A Newsletter of Opinion on Current Australian Christianity

Archive for the ‘Feeding the Flock’ Category

Dear Pastor . . .

I recently wrote to our pastor the letter below.  I have long regarded Church program-based social action to be far removed from what Jesus meant by spreading the gospel and I am hoping to receive a positive response to my letter.

I guess the gist of it is that:

  1.   The gospel is to be spoken in words.
  2.   We need to be schooled about our beliefs.
  3.   We need to be warned about false teachers, and,
  4.   There are many Christians doing God’s work in ways that are not supported by   the official Church leadership, and they tend to get overlooked.

What do you think?

Dear Pastor,

On Sunday you preached a sermon in which you encouraged the Church to consider the ways we might be moving to be more fully engaged in spreading the gospel. You also suggested we contact you to express these views.

I consider that we should be looking at outreach in the following manner:

  1. Delivery of the gospel. Despite the fact that most attendees are already Christian it is important to present the gospel in some way at every meeting.  You do this  well already and it is just as important in evangelism as in teaching.  Perhaps a more definite and regular invitation to follow Christ could be made from the pulpit.
  2. Defining our beliefs. Our beliefs determine our actions.  I would like to hear more teaching on the core beliefs of Christianity, both systematically and practically – meat as well as milk.  This would include in depth teaching from the words of Jesus, Paul, Peter and James and how they affect our behaviour and our actions.
  3. Defending the truth of the gospel. Very important to those wishing to remain firmly standing on the rock of our salvation. I would like to hear more on specific false teachings and authors who are subtly changing some Christians’ attitudes to certain doctrines.  The apostles didn’t mince words.  You have said something about some of these matters but it has mainly been in passing, rather than directly.  Some of the songs chosen for worship have been weak theologically or at best, misleading.  Maybe more thought could be given to the choice of songs, and even a discussion of whether certain lyrics are clear and doctrinally accurate.  This is not legalism, and I am sure Paul would have a lot to say on the topic.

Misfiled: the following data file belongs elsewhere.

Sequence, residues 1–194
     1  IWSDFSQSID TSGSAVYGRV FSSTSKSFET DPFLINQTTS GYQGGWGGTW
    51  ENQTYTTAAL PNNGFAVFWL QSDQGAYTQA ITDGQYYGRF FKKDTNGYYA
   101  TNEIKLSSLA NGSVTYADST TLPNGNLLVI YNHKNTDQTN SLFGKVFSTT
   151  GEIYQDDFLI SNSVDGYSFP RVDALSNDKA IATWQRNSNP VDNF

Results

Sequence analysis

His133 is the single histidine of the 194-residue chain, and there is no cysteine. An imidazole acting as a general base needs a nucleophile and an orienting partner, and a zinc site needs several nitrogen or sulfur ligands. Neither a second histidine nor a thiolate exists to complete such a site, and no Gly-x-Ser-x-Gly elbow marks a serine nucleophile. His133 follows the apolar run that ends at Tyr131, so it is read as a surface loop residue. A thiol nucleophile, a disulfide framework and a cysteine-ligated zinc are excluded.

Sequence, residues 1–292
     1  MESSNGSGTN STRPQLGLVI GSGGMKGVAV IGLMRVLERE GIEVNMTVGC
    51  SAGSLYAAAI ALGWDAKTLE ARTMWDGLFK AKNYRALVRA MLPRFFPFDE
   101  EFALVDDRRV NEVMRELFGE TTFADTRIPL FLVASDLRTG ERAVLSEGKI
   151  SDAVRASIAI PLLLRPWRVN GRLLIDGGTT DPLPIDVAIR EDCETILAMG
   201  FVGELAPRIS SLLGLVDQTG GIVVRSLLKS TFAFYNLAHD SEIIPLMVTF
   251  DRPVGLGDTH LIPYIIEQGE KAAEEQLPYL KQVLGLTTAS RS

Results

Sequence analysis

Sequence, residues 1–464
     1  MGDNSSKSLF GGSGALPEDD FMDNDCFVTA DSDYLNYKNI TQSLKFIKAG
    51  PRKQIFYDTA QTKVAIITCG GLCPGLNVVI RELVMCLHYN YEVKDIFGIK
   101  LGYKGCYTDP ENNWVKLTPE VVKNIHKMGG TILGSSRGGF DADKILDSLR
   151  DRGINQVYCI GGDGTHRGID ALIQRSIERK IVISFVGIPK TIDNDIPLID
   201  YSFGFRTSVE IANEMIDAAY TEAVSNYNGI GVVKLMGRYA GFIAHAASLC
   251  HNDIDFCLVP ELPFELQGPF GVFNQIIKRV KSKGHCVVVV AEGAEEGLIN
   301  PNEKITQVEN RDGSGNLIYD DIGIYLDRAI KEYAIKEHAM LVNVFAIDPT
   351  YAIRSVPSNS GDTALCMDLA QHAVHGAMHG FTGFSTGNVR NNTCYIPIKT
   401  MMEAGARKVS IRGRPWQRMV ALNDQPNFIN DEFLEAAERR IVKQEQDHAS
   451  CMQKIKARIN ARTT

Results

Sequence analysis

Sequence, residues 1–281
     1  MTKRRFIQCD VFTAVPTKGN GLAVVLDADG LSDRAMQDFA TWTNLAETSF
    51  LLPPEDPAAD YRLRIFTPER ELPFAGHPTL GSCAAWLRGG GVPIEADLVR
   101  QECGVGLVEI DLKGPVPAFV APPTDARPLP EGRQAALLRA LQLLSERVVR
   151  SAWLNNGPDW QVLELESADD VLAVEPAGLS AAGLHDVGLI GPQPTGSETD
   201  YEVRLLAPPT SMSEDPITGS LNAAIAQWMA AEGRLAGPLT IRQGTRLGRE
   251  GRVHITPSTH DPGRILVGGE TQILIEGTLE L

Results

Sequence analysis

4. Encouraging those already at work in the gospel. There are a number of people in our congregation who already are working hard for the Lord.  This includes letterbox droppers, bible study leaders, lay speakers, blog writers as well as the “official Church workers” at the Op Shop and other general rostered workers, musicians, cooks, visitors, etc.  It is noted that the unofficial workers very rarely get mentioned but the official workers  do.  We are not to expect human accolades for our work – in fact we are warned we must not – but it would be fair to be encouraged and recognised that we are all part of the Church family.  This would help others to consider becoming more involved.

I hope these issues can be looked at this year.

In His service,

Lindsay

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